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NASA Meatball NASA Dryden X-1 banner


DFRC Movie # Date Movie Description
EM-0028-01 late 1940s to early 1950s X-1 launch from B-50 mothership
EM-0027-01 late 1940s to early 1950s X-1 aircraft in flight
EM-0027-02 late 1940s to early 1950s X-1 launch from B-29 mothership
EM-0027-03 mid 1950s X-1E landing on lakebed
EM-0027-04 mid 1947 X-1 in flight over Mojave Desert
EM-0027-05 Circa 1955-1958 X-1E and B-29 taxi and takeoff from Edwards Air Force Base
EM-0027-06 Circa 1955-1958 X-1E launch and landing
EM-0027-07 Late 1940s Ground test firing of X-1 #2's rocket engine at South Base

The X-1 was the first in a series of rocket-powered research aircraft built for the US Air Force and the National Advisory Committee for Aeronautics (NACA). Originally designated the XS-1 (Experimental Sonic-1) it was built by the Bell Aircraft Company, Niagara Falls, New York, in the hopes of breaking the alleged "sound barrier" and investigating the transonic speed range.

This was a truly pioneering effort. Transonic speeds were technological no-man's land when the program began in 1945. There were no research techniques or flight experience to duplicate them exactly.

The speed of sound was popularized as a danger zone that caused aircraft control reversal and shock waves that could tear a plane apart. To play it safe, the fuselage of the XS-1 was based on the shape of a 50 caliber bullet (a known supersonic projectile), the aircraft was stressed to an amazing plus or minus 18 g's, and the control yoke was designed to give the pilot maximum leverage in case the supersonic speed bump was violent.

Three first-generation X-1 aircraft were built under the original 1940's contract, and three modified versions (X-1A, X-1B, and X-1D) were built in the 1950's.

Setting a pattern that was to follow with many of the NACA and later NASA, research aircraft, it was taken aloft attached to a "mothership" in order to conserve fuel for the research flight. The X-1 aircraft were air-launched from modified B-29 and B-50 bombers.

X-1 Number 1 was glide-tested at Pinecastle Air Force Base, Florida, in early 1946. Subsequent powered flights began on December 9, 1946, at what soon became the NACA Muroc Flight Test Unit, now known as NASA Dryden Flight Research Center, Edwards, California. Flying this plane on October 14, 1947, USAF Captain Charles "Chuck" Yeager became the first person to exceed Mach 1, passing through the dreaded barrier with barely a ripple. On March 10, 1948, NACA pilot Herb Hoover became the first civilian to fly supersonic, while at the controls of XS-1 Number 2.

Yeager's "Glamorous Glennis" XS-1 was painted orange, for visibility. So was the first NACA-Navy D-558-1 research plane, as well as X-1 Number 2, but it soon became apparent that the dark color was in fact, difficult to see from the ground. When Number 2 was turned over to NACA after its Air Force flights, the agency painted it white, which became the standard color for its research aircraft.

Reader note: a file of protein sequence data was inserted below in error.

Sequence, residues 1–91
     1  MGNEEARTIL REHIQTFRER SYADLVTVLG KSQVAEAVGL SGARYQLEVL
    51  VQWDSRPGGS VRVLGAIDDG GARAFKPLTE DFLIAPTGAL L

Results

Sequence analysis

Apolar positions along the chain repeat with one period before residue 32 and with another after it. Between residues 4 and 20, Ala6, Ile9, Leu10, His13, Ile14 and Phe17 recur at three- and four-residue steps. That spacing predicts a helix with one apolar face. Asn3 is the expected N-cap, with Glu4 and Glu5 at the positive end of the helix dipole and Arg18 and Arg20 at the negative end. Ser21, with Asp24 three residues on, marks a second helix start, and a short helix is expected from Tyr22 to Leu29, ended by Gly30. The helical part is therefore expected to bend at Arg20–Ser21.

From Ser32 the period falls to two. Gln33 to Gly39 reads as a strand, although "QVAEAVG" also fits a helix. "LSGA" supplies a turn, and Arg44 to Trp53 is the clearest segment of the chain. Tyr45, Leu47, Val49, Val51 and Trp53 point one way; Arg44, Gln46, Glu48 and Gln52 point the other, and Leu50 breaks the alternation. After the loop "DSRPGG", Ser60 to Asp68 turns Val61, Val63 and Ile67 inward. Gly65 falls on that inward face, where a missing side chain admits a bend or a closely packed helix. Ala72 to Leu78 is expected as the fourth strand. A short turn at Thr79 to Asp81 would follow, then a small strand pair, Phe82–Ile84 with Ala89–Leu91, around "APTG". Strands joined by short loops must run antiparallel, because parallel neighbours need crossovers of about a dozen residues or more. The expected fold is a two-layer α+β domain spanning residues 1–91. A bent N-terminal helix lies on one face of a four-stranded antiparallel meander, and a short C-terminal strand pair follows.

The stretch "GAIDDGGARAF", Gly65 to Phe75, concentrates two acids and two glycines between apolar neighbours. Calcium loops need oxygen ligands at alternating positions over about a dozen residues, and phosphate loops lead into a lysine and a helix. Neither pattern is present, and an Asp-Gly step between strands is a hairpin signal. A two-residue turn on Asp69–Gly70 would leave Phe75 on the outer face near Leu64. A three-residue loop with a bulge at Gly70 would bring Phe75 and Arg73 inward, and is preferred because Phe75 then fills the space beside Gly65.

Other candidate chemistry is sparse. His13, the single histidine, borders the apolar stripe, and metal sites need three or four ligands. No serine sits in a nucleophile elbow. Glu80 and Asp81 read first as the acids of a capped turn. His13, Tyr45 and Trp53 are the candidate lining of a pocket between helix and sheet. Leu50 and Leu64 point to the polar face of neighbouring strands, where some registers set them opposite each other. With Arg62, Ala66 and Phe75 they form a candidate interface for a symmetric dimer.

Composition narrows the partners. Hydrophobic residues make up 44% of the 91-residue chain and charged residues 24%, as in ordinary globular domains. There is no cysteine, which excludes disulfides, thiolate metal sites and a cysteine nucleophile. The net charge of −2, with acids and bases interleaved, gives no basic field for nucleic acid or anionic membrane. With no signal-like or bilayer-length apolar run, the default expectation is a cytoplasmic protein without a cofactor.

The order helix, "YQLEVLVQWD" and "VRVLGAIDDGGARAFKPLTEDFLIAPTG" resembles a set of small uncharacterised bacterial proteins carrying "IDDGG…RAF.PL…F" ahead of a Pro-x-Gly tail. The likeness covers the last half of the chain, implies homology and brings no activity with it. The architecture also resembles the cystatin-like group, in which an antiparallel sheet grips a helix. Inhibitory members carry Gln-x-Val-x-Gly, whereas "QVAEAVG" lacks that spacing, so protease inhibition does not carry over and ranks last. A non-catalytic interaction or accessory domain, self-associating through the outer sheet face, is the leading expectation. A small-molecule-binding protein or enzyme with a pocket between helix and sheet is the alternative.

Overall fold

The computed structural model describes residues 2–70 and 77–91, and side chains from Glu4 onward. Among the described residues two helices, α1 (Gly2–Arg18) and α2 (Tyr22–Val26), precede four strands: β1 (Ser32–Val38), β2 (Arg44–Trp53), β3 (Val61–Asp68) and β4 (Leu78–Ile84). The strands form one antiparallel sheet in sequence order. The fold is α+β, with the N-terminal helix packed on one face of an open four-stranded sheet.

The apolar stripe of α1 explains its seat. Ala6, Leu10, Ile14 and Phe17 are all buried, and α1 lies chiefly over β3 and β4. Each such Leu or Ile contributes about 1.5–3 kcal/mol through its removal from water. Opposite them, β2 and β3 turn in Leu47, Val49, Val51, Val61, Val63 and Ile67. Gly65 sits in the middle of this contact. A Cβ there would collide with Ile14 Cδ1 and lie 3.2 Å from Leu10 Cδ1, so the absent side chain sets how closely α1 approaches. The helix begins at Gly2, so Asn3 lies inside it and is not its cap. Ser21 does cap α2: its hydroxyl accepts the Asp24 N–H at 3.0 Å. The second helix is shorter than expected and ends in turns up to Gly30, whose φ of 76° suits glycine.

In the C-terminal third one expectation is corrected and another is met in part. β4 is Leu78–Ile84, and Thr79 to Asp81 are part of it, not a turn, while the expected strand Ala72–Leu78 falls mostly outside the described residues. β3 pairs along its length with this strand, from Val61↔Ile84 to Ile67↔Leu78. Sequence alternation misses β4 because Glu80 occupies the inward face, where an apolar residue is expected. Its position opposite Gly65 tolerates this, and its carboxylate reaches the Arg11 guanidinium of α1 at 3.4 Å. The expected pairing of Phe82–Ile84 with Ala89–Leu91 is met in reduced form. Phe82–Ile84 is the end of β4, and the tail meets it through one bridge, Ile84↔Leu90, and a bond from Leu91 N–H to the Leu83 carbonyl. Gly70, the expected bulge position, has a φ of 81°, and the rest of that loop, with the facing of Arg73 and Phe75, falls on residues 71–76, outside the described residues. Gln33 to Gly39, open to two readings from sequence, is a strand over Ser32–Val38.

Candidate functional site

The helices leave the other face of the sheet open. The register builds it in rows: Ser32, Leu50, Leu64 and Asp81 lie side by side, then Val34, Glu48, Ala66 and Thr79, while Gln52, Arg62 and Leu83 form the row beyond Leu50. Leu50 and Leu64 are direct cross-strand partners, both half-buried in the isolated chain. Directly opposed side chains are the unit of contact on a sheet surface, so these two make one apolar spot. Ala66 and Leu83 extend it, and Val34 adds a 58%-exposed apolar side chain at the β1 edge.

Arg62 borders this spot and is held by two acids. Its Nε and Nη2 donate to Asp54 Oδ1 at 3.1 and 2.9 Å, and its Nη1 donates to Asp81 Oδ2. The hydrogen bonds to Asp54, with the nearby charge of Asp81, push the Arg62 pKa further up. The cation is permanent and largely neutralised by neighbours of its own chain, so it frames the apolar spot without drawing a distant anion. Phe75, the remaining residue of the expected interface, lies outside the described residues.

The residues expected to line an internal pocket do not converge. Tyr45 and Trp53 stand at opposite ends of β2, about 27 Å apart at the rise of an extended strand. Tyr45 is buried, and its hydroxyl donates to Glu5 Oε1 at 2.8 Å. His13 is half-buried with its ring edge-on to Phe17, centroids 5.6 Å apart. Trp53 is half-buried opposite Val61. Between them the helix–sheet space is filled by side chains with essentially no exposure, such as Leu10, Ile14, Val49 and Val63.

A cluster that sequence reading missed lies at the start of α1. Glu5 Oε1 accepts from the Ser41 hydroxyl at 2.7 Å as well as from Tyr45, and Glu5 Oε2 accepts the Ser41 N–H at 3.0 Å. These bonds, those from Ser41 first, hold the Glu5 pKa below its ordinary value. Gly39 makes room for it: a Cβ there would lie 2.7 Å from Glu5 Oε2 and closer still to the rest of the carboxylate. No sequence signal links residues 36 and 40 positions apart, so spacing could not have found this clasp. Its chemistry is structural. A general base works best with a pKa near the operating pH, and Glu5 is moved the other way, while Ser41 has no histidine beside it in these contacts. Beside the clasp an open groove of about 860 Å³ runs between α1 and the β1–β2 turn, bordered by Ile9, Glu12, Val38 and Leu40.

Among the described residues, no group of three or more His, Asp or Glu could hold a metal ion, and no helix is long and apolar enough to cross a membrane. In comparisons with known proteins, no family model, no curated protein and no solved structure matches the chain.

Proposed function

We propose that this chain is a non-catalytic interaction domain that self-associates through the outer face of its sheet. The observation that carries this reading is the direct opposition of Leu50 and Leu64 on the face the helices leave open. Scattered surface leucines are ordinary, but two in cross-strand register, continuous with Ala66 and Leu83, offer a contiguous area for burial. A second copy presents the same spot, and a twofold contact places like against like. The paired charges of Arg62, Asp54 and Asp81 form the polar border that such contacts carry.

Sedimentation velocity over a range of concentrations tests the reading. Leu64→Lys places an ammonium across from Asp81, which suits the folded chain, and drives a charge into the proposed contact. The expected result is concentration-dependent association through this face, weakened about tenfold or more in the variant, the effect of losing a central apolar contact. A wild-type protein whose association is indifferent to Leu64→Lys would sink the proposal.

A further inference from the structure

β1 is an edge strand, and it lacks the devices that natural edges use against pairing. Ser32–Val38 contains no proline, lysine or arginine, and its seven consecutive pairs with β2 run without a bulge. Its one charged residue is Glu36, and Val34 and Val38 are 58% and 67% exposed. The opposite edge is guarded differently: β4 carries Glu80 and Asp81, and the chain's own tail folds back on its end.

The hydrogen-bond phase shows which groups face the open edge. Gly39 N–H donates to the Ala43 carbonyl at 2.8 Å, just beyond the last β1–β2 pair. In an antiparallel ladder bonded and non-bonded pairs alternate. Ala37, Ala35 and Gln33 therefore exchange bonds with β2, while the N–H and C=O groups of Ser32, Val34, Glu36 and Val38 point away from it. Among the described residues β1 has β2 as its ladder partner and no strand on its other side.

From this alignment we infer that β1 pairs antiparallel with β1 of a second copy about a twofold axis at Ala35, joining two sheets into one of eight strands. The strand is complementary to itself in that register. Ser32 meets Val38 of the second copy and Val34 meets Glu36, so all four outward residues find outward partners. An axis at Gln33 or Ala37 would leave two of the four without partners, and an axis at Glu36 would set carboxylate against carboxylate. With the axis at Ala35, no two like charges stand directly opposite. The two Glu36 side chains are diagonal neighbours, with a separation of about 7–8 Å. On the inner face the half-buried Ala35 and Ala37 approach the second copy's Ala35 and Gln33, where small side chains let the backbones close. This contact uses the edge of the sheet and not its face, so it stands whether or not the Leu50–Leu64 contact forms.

The maximum speed attained in an X-1 was 957 miles per hour, set by Yeager in Number 1, during 1948. Number 2 had a thicker wing than the other X-1s, with a thickness/chord ratio of 10 percent as compared with the other thickness/chord ratios of 8 percent. Mainly for this reason it was a slower airplane, with a maximum speed of 792 miles per hour.

The X-1 was powered by a four-chamber, XLR-11 rocket engine, fueled by a mixture of liquid oxygen and diluted ethyl alcohol. Although not throttleable, the chambers could be fired individually or in groups to produce a maximum rated thrust of 6000 pounds at sea level. Fuel capacity limited full-power of the engine to a time frame of approximately five minutes.

The cockpit was pressurized, but the windscreen on Numbers 1 and 2 required external strapping to prevent blow-out. Number 3 had a stronger windscreen that did not need the straps.

X-1 Number 3 was the most advanced of the X-1 aircraft. It had an increased fuel capacity, and an advanced, steam-drive turbopump to transfer propellants. But it was also the most ill-plagued. Delays in its development postponed delivery by about three years, and it made only one flight: a glide test on July 20, 1951. It was accidentally destroyed a few months later, when it exploded on the ground while attached to a B-50 mothership.

Despite some features that now seem almost quaint, the X-1 aircraft were technologically advanced. They repeatedly broke world speed and altitude records during the 1940's, and made significant breakthroughs in the understanding of transonic flight.

All but one of the X-1 flights began with an air-launch. In early 1949 Chuck Yeager made the one and only ground-launch of a rocket-powered X-plane. He took off from an Edwards runway, and rocketed to 23,000 feet in only 90 seconds. Yeager then cut the power and made a normal, gliding return to the field jettisoning the remaining fuel before landing.

Last Modified: August 2, 2005
Responsible NASA Official: Marty Curry
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